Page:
Cisco acquires Meraki for $1.2 billion

Cisco acquires Meraki on Sunday for $1.2 billion in cash.

3 minutes & 39 seconds read time

With rumors floating around that cloud-managed network infrastructure company, Meraki, were about to announce their IPO, networking giant Cisco has swooped in and acquired the company for $1.2 billion in cash.

Cisco acquires Meraki for $1.2 billion |

Cisco have said that they plan to use the freshly acquired Meraki's technology to "cloudify" its network management products. Cisco will turn the company into a new Cloud Networking Group. Meraki's CEO, Sanjit Biswas released a memo to employees, announcing the acquisition:

Hi everyone,

As some of you may have heard through Twitter or Google Alerts, there is a rumor out that Cisco intends to acquire Meraki. Our original plan had been to break the news to everyone tomorrow before it was officially announced, but it looks like social media beat us to it!

Given this is a big deal, both literally and figuratively, I wanted to take a few minutes to provide some more context about the upcoming announcement. I'd rather have done this in person at tomorrow's event, but I think it's important that everyone at Meraki is in the loop.

First of all, this was an unexpected event for Meraki. When we started out six years ago, we were three guys at MIT wondering where our bootstrapped venture would take us over the next few years. We had some exciting ideas about how to build networks, and knew we wanted to have a big impact on the world, but hadn't figured out how we would connect the dots. Fortunately for us, our customers helped guide the way for us over the years and were able to organically build an amazing set of products and amazing company together.

This year has been particularly amazing for us (sorry to say amazing three times in a row, but it really has been). We successfully shipped another major product family, achieved a $100M bookings run rate, grew from 120 to 330 employees and did it all while achieving positive cash flow.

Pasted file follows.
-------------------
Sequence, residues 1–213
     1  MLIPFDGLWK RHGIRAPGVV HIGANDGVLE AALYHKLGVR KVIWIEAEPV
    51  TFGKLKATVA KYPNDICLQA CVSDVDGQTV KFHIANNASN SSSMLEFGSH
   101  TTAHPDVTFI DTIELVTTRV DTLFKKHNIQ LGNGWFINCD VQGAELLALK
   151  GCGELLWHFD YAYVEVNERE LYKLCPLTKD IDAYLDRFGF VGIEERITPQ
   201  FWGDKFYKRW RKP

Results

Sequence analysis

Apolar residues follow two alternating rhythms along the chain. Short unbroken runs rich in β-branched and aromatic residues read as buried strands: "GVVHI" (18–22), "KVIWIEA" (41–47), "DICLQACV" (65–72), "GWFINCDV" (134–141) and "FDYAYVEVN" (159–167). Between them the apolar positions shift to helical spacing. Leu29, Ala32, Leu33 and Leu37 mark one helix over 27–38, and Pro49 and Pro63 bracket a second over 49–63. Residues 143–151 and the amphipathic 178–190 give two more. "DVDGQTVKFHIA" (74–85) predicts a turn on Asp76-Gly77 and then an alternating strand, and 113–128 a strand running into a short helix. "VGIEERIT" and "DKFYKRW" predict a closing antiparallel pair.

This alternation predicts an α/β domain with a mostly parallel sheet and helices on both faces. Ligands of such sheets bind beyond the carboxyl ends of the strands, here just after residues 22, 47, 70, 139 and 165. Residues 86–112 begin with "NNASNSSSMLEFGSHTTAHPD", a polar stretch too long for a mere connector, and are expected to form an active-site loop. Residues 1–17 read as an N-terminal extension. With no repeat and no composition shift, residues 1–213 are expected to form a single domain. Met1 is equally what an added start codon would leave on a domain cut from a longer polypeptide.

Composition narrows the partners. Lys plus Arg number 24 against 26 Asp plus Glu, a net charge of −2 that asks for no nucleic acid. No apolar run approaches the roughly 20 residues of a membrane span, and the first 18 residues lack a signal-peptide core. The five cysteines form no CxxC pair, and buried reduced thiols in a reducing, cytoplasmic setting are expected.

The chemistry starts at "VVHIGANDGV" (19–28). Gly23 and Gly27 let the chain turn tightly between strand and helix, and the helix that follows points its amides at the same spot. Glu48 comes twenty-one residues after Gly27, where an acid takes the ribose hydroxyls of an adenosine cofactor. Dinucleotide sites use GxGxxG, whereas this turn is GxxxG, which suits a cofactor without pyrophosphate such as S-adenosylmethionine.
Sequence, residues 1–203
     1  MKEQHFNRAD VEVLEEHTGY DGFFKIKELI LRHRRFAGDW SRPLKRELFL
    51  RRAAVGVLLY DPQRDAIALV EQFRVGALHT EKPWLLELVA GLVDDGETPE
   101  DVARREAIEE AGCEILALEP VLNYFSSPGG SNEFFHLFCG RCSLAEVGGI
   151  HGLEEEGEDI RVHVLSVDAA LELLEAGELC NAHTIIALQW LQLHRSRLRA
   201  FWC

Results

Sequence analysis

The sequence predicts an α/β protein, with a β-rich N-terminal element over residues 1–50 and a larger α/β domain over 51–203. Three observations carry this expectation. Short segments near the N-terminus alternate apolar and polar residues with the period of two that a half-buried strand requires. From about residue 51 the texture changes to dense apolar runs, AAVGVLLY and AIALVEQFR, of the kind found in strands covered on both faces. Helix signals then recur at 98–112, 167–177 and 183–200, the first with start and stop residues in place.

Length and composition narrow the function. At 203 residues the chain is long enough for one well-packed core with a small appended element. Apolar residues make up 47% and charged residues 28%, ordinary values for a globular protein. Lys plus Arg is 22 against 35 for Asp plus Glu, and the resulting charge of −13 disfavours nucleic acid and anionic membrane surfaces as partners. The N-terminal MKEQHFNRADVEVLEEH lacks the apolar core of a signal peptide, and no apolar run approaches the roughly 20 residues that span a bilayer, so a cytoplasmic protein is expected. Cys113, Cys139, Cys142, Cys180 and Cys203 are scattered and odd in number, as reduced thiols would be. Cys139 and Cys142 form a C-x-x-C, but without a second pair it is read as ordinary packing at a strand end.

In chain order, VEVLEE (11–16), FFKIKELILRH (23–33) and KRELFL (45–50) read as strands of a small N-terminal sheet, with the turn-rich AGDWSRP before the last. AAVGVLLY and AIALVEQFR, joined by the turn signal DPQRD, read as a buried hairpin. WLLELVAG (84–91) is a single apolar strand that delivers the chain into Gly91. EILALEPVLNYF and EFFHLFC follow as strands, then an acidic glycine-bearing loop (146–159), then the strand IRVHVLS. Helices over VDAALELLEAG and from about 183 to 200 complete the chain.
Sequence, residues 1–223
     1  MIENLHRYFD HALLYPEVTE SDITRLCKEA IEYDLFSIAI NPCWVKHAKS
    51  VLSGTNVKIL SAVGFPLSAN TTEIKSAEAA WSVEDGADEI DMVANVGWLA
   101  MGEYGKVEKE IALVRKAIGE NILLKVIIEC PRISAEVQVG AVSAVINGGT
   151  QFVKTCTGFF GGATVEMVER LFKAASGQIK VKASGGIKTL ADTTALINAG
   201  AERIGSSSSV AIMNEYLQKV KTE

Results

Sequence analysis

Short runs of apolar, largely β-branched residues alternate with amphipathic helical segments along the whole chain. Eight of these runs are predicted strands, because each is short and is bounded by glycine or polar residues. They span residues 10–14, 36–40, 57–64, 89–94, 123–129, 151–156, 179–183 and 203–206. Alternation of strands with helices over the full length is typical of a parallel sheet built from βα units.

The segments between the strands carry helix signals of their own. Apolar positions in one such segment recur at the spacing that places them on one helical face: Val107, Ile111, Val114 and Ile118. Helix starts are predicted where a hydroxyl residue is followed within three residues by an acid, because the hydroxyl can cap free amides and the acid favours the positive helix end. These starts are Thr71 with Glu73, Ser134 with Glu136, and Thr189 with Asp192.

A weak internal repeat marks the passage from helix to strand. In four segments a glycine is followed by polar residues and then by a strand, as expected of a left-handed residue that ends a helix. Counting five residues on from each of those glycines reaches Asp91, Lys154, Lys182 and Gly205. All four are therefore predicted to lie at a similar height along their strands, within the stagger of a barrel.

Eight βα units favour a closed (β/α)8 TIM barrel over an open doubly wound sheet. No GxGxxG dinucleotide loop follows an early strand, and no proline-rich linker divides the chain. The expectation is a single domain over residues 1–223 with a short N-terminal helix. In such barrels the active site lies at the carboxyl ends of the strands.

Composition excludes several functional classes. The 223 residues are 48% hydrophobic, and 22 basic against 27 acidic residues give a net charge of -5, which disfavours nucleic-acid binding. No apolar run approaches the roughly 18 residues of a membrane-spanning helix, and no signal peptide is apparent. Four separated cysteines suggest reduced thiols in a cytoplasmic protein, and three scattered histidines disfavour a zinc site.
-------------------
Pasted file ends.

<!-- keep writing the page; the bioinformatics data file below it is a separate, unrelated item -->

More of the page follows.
So, when Cisco approached with an acquisition offer a few weeks ago, our initial reaction was to politely say "thanks, but we're planning to do our own thing and take Meraki public". It turned out that was exactly why they were interested in talking to us - over the past six years, we'd developed an innovative product as well as sales model that was indeed our own thing and unique in the market. They had been hearing from customers, partners and analysts that Meraki had built something truly different, and wanted to see if Cisco could distribute the technology on a worldwide scale through their vast sales channels.

It was a very significant offer, so we took our time to think through its implications. First, we decided to break it down into two major components - the qualitative and the quantitative. Being engineers, the numbers were probably easier to reason about: we had been studying public company valuations, and were able to see the price was an attractive offer and gave us credit for high margins, high growth and great future execution. However, the qualitative portion was harder: would we be able to continue doing what makes us special as part of Cisco?